April 15, 2014
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Project ARA sizes

As we speak, the Project Ara developer conference is going on at the Computer History Museum in Mountain View, California.

While most of the information being discussed by Google has already been revealed by way of the modular developer’s kit, the first day of the developer conference has brought us at least a few new details about the future of Ara. Specifically, we now know a bit more about when we’ll see Ara, what form it will take and how long an Ara device will ‘last’. There’s also a few details on Google’s plans for supporting Android on the device.

The road ahead: From Project Ara to a commercial release

Ara’s project leader Paul Eremenko revealed today that he plans to be done with Project Ara on April 1st of 2015. Theoretically that means after April 1st the handset will be ready for prime-time. Between now and then? The Project Ara team has their work cut out for them.

Eremenko detailed out their tentative plans for Ara’s development as follows:

  • A second developer’s conference will happen in July, and a third in September. These conferences are meant to help point developers in the right direction and get them ready for the Ara revolution.
  • The modules in Ara will communicate with one another thanks to the UniPro standard, a flexible power bus that will be ready by May. System-level functions are expected to be ready in September.
  • Android doesn’t currently support dynamic hardware, but they are already working on enabling support for Ara. The drivers needed to pull everything together are due in December, one of the last tasks the Ara team will do before they unleash Ara to the public.
  • In early January, Project Ara will be commercially released in limited ‘beta’ form. The first model is currently known in-house as the Gray Phone.

ara-goals

Project Ara: The Gray Phone

We’ve already heard a bit about what the Gray Phone will entail in the past. Basically, we are talking about a basic handset that will have a projected cost of around $50. This model will include Wi-Fi, a screen and other very basic components to help folks get started.

The Gray Phone is it will be a drab gray color that is designed to entice folks to further customize it

The idea for the Gray Phone is it will be a drab gray color that is designed to entice folks to further customize it and make it their own. The endoskeleton for the Gray Phone will be made using 3D printing technology, with the help of Google partners such as 3D Systems.

So what does the endoskeleton do? As we have mentioned before, this is the frame that holds the modules together and allows you to upgrade your phone slowly, instead of going out and buying a new one every 1-3 years. Of course, these endoskeletons won’t last forever. In a similar way to how motherboard standards work in the realm of PCs, the endoskeleton will have a limited support cycle of about “five to six years”.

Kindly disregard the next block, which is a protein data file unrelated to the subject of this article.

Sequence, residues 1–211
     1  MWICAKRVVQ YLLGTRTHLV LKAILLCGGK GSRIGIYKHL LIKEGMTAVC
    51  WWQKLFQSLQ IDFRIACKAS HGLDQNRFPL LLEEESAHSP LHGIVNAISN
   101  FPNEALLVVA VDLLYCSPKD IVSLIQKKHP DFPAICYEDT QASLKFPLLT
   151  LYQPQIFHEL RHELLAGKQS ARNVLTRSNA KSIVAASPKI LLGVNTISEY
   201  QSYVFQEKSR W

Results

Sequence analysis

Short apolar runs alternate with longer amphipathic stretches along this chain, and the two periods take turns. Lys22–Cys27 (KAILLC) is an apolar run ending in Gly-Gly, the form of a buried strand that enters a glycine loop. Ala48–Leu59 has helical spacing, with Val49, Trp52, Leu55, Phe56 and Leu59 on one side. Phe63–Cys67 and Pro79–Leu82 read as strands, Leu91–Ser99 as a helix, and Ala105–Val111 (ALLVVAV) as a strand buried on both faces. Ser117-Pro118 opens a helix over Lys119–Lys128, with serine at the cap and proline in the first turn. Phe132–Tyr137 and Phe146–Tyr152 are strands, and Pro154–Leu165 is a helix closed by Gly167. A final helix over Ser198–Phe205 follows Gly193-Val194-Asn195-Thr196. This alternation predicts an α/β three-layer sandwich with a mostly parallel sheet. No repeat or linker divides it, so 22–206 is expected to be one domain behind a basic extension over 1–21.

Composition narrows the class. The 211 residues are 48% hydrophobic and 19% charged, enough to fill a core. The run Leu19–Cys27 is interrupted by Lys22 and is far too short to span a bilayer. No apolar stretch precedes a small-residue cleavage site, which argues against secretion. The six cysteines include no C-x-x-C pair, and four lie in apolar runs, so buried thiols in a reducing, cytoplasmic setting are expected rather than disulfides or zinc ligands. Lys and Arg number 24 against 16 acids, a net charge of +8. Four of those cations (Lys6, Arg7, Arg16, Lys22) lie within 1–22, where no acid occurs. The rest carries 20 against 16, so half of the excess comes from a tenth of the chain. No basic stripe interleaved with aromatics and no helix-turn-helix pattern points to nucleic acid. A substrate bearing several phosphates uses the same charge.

Ultimately this means that Ara devices will still need to be traded in or sold when they reach a certain age, but the lifecycle is still much longer than your typical Android device.

Google Project Ara Large

From pipe-dream to near reality

A year ago, if you had asked me about the plausibility of modular computing in the world of mobile devices, I’d probably say it’s a cool idea but not a realistic one. Heck, if you had asked me a few months ago, my response would have been similar. And yet here we are.

Project Ara is still far from complete and could certainly run into several roadblocks between now and next year, but it’s clear that Google ATAP is on the right track. Of course, even after April 2015 we imagine that Ara will still have relatively limited availability both in terms of endoskeletons and the modules that make up the device.

What do you think of Project Ara, excited or do you still think the idea is too impractical?

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Andrew Grush
Andrew is dedicated to reporting on the latest developments in the world of Android, and is very passionate about mobile technology and technological innovation in general. While he appreciates Android in all of its forms, he prefers a clean stock experience when possible and currently rocks a Nexus 5. Andrew also loves to engage with his readers, and welcomes well-thought-out conversations and responses in the comments section!
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